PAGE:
Every year on 2 February, on the occasion of 'Liichtmëssdag' ou Blieserchesdag (Lighting Day or St Blaise), children go 'liichten' (celebrate or bring the light). This is a Luxembourgish tradition that goes back to a pagan practice.
Holding simple sticks with small lights on the top (sticks made of wood on which small candles or battery lights are fastened), the 'Liichtebengelcher' they go from door to door while singing an old song: 'Léiwer Härgottsblieschen, gëff ons Speck an Ierbessen, ee Pond, zwee Pond, dat anert Joer, da gi der gesond…' (the text could be translated as: Oh St Blaise, give us bacon and peas, one pound, two pounds, next year you'll be healed...).
As the song suggests, in bygone days, children begged for bacon, peas, carnival biscuits and other edible goodies. This tradition, however, like many others, has evolved over time: today, children voluntarily accept sweets or money.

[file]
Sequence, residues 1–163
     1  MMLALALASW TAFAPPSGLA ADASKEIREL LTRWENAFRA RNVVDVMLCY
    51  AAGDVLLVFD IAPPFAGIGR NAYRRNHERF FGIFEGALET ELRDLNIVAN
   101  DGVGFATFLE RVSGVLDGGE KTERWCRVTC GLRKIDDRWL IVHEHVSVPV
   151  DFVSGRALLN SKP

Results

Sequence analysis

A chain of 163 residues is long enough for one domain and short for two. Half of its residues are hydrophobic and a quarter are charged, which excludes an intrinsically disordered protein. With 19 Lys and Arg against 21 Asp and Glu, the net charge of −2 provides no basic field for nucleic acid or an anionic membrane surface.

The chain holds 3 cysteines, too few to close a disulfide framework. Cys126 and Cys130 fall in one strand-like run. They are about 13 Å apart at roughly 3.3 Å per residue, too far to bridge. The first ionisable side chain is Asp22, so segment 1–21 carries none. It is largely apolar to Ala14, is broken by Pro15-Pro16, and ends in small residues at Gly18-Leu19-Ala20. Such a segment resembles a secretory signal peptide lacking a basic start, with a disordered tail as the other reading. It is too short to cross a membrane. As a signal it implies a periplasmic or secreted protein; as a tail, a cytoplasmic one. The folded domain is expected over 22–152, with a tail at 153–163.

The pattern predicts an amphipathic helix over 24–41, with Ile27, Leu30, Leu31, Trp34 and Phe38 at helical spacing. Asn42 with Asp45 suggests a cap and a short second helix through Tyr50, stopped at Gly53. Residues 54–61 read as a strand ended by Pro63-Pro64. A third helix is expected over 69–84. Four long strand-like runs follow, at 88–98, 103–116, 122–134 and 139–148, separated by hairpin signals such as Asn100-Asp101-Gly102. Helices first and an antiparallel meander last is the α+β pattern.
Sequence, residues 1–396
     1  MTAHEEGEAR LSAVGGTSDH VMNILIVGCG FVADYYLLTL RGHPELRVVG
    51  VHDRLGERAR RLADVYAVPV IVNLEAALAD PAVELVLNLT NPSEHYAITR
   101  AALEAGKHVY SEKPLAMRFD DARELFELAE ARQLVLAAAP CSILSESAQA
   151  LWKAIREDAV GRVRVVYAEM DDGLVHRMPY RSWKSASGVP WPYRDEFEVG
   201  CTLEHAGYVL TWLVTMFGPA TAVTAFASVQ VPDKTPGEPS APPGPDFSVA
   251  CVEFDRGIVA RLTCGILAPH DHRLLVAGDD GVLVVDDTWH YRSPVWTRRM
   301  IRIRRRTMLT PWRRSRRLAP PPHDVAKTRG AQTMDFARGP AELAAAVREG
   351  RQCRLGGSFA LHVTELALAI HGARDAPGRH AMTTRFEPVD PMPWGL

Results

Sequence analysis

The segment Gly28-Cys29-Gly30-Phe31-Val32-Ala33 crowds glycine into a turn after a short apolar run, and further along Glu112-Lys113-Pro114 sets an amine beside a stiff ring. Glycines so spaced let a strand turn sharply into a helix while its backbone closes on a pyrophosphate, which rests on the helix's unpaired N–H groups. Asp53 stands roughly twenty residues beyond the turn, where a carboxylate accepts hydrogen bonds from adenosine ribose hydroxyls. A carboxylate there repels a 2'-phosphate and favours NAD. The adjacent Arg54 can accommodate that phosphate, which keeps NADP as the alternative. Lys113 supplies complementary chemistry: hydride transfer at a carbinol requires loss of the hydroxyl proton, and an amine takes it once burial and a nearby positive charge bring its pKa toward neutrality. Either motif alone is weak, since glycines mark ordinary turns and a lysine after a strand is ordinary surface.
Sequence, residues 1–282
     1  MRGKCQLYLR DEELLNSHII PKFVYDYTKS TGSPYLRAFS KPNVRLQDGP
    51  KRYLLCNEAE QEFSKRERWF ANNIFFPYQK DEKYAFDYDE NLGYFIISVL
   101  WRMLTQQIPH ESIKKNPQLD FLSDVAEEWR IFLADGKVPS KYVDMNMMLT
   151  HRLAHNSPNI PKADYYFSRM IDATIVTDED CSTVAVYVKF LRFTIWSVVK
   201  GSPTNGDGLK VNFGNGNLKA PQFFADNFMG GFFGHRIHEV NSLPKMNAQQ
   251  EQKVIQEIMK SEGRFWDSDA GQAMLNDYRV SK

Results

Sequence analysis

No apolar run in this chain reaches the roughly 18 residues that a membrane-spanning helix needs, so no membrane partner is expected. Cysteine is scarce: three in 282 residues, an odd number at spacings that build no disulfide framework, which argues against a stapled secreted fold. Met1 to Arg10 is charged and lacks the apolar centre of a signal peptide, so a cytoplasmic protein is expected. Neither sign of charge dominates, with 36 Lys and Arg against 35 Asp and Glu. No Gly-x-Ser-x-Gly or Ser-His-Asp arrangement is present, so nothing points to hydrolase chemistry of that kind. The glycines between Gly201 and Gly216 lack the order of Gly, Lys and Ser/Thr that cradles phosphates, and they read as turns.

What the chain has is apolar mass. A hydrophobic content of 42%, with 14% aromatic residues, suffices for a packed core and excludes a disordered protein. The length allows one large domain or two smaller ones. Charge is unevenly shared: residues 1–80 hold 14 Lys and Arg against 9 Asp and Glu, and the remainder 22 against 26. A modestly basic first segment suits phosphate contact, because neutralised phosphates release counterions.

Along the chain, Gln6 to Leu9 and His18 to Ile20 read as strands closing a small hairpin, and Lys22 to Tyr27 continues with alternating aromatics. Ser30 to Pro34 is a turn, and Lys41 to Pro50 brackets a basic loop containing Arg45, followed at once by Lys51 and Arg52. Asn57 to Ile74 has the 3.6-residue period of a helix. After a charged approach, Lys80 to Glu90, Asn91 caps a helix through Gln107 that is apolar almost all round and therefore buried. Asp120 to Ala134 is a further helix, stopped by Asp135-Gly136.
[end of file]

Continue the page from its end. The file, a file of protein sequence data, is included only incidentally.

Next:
Watch out on the streets!
The feast of St Blaise has nothing to do with Carnival, despite being celebrated around the same time of the year. It's a pagan tradition that used to celebrate purification and fertility at the end of winter.
So don't forget to buy sweets to give to the children as a reward for their chanting this Tuesday
Every year, the Sécurité routière advises the children and the parents who accompany them to respect certain security advices:
- only walk on the footpath and keep as far away as possible from traffic,
- if there is no footpath to walk on, walk on the left side of the street in a line, one person behind the other,
- wear bright clothing and reflectors
Street security advises drivers to be twice as careful as usual in inner cities and villages.
(article written by the editorial team of the portal luxembourg.lu)